What a serpentine zoning journey it has been, six years of legal positioning pitting spirits and spiritualism, political influence and package store business turf, a court order against and a deft legal move for a client cure.
Superior Court Judge Dale Radcliffe knows all about political positioning having served years in the State House before his selection to the state bench. Just as jurists Barbara Bellis and now Barry Stevens handle election complaints in court, it is Radcliffe who is tasked with hearing the complexities of zoning conflicts that can cause laymen whiplash.
For Radcliffe, you don’t rule against someone simply because they are not liked. You don’t rule for someone just because they are popular. The law is the law is the law. His legal ruling on Monday brings into focus a victory for the public’s right to know, irrespective of the legal outcome.
Six years ago, now City Councilman Michael DeFilippo, who tended bar at a restaurant owned by Democratic Town Chair Mario Testa, wanted to open a package store on Brooklawn Avenue that came under fire from a coalition of liquor store owners, including OIB reader Rich Augustynowicz, who argued political influence had courted approval of a variance against city zoning regulations.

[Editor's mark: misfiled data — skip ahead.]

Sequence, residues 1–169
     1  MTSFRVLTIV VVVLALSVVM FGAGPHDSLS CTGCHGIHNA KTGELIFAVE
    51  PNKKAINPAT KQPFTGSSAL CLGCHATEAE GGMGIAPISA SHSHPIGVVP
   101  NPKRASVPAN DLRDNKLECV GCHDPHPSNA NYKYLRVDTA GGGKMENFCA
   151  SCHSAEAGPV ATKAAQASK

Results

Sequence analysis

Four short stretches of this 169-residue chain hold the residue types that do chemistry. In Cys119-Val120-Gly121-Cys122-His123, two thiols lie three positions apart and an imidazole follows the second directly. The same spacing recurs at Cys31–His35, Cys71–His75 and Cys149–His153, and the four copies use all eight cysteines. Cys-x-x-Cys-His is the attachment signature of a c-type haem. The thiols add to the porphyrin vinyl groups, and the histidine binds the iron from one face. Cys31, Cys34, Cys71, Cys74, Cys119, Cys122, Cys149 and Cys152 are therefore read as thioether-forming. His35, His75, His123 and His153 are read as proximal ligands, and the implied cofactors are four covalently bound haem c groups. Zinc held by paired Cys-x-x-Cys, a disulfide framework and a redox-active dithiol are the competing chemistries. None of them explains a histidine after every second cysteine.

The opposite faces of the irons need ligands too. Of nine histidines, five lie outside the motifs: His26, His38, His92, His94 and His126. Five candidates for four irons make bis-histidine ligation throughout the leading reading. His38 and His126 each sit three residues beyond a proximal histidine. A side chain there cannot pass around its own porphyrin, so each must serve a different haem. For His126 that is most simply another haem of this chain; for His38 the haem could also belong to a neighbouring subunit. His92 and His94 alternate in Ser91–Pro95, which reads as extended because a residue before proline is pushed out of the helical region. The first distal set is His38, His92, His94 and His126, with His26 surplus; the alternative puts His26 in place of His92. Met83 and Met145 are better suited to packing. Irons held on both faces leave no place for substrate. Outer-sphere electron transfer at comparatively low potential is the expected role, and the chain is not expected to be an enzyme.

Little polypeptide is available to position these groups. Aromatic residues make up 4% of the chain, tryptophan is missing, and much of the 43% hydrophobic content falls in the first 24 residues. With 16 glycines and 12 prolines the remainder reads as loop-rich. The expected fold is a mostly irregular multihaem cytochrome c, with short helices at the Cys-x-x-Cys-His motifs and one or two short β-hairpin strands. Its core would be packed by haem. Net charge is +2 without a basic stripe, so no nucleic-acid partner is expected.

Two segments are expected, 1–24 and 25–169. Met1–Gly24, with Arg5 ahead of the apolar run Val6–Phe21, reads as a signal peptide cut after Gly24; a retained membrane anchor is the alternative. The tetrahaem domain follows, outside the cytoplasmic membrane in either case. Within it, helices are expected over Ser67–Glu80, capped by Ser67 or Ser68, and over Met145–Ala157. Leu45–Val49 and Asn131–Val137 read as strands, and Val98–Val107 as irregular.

At issue was this:
A court appeal was filed. Radlciffe sided with the plaintiffs. The liquor store was shut down.
An effort followed to amend zoning regulations, as Radcliffe writes:
The Planning & Zoning Commission changed the authority charged with issuing a certificate of location from the Zoning Board of Appeals to the P&Z Commission. Zoning regs were modified opening a path for DeFilippo’s store.
Subsequent court filings from the coalition of liquor stores were brought back to Radcliffe. He has dismissed the appeal of the plaintiffs. But along the way he also issued a ruling on behalf of transparency that was ultimately enacted by the city to amend zoning regulations to specifically require a public hearing, prior to the issuance of a certificate of location.
On Monday the judge issued a decision against the plaintiffs that provide historical context to the six-year battle. See radcliffezoningdecision.
Radcliffe also raises questions, beyond the power of the court, as noted below.